Linux and the desktop

I recently installed Ubuntu 12.04 LTS on one of my desktop machines to just play around with. I really was dumbstruck at how good Ubuntu Linux is on the desktop. My favorite apps all have versions available. I’ve been using Ubuntu Server for a number of years and every so often trying it out in the desktop edition just to see what the state of it is. The laptop that I bought to run Ubuntu on was a giant fail at the time but works perfectly now (6 months later).

When I first tried out Ubuntu 11.04/11.10 I had a lot of problems with Unity and the machine would either boot into Gnome or just hang and need to be rebooted 50 times just to get to the desktop. However, this time around, 12.04 LTS installed and worked perfectly from the get go. Unity really is nice to use and the desktop is very very snappy. I was able to get up and going inside an hour (installing the OS and all the applications I needed) to be productive which I thought was pretty decent.

Apt is still one of my favourite features of Debian/Ubuntu, being able to install the majority of your software via apt-get makes life much easier when it comes to upgrades and security updates. The other good thing is that when it comes to compiling software, it just works, something that cannot be said of OSX.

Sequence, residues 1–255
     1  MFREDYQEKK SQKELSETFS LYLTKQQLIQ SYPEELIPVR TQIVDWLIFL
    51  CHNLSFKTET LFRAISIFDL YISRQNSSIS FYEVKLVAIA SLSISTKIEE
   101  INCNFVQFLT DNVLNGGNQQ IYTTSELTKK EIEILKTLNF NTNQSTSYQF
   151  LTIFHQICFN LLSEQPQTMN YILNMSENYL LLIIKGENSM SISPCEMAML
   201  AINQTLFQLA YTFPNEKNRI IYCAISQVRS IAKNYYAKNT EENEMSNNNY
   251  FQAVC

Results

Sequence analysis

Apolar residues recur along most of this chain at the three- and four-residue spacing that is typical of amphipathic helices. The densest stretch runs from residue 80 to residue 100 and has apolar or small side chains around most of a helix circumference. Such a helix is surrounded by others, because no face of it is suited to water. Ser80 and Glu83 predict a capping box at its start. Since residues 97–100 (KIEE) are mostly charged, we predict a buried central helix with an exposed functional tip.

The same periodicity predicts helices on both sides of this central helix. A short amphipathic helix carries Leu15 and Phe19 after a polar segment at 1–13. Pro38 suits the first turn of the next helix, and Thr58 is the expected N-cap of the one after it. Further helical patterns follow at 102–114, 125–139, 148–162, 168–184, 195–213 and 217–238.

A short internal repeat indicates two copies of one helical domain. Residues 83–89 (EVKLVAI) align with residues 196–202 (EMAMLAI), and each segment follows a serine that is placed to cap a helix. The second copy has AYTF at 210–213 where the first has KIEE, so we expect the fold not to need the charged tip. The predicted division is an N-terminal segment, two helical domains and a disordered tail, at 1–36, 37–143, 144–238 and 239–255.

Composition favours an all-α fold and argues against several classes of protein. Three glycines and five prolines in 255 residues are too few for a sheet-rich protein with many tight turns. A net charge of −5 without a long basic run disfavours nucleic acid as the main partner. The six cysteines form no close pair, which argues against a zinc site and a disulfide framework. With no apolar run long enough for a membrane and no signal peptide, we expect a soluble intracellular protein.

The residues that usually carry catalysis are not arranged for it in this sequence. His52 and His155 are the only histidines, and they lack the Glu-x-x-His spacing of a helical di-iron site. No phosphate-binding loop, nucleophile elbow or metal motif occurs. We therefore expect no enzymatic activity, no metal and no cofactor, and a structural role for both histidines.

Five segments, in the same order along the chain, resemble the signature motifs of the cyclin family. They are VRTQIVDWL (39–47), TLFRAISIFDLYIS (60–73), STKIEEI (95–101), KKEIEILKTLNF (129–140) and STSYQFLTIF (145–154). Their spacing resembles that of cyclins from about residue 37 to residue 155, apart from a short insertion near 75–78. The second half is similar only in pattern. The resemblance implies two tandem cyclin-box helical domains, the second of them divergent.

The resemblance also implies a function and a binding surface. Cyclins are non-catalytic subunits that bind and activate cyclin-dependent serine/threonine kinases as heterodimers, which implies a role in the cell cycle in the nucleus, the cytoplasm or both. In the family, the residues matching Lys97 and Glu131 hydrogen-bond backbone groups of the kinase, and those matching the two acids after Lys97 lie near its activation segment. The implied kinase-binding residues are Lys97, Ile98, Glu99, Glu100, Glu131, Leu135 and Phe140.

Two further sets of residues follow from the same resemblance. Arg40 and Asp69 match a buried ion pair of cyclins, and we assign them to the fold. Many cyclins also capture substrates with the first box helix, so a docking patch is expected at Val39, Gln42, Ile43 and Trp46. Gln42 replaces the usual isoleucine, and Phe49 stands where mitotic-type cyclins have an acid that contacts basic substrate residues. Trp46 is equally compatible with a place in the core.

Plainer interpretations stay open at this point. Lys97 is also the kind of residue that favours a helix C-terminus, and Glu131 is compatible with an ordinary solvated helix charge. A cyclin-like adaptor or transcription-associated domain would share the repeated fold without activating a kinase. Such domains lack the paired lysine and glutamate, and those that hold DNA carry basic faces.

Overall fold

I tried installing some apps that I love on my Mac just to see what they’re like on Linux. Spotify and Sublime Text 2 are two pieces of software that I use everyday and surprise surprise they were both available on Linux and both worked well. Spotify is still a preview edition but it still worked well enough that I had no noticeable problems with it. Sublime was perfect, UI is identical to the OSX version and just as snappy to use.

I know that there is Gimp for Linux however Adobe Photoshop is and always has been the reason I haven’t fully committed to Linux in the past. After reading the Adobe forums it appears that Adobe are still digging their toes into the dirt. Apparently they haven’t learnt anything from the gradual death of Flash. HTML5 and Javascript will completely replace Flash. They could switch to a SaaS model for their software or they could drop the price of Photoshop and sell more units rather than less units at a higher price.

But I digress, Ubuntu 12.04 LTS Desktop is very nice. I haven’t spent months and months working on it but my initial reactions are all positive. Ubuntu really feels like a cohesive desktop that just works. If I was building a new business I’d definitely be considering Ubuntu for the desktop and using SaaS for the software that is mission critical.

2 Replies to “Linux and the desktop”

  1. i totally agree! Ubuntu 12.04 is brilliant, it kicks the arse of Mac OS X – which for serious software development it a real pain (why drink homebrew when you can drink real ale?). My only gripe would be to provide an option to simplify the GUI as the side launch bar is crap, although the HUD thing is pretty neat.

  2. Ubuntu has run well for a couple years on my wife’s laptop. As a geek I’m less enthused by how un-customizable it is, but she’s had only a few minor hitches. I’ve recently read good things about Linux Mint and–as she’s due for an upgrade anyway–she’s going to try that soon.

    Heh. She said “okay, fine;” as long as she can pull recipes and spacebook off the interwebs, she doesn’t care.

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